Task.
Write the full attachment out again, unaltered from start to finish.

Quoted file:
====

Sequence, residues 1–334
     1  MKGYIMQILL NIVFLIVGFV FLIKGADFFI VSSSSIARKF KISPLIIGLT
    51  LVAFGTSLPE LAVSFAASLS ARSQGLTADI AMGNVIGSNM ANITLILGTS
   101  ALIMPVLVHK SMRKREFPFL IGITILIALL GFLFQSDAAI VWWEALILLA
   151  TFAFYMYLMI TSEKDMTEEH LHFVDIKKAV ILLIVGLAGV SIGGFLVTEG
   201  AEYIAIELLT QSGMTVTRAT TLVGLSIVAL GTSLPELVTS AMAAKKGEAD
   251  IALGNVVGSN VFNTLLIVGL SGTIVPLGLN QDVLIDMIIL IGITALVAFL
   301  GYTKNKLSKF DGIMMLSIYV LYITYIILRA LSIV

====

Sequence, residues 1–334
     1  MKGYIMQILL NIVFLIVGFV FLIKGADFFI VSSSSIARKF KISPLIIGLT
    51  LVAFGTSLPE LAVSFAASLS ARSQGLTADI AMGNVIGSNM ANITLILGTS
   101  ALIMPVLVHK SMRKREFPFL IGITILIALL GFLFQSDAAI VWWEALILLA
   151  TFAFYMYLMI TSEKDMTEEH LHFVDIKKAV ILLIVGLAGV SIGGFLVTEG
   201  AEYIAIELLT QSGMTVTRAT TLVGLSIVAL GTSLPELVTS AMAAKKGEAD
   251  IALGNVVGSN VFNTLLIVGL SGTIVPLGLN QDVLIDMIIL IGITALVAFL
   301  GYTKNKLSKF DGIMMLSIYV LYITYIILRA LSIV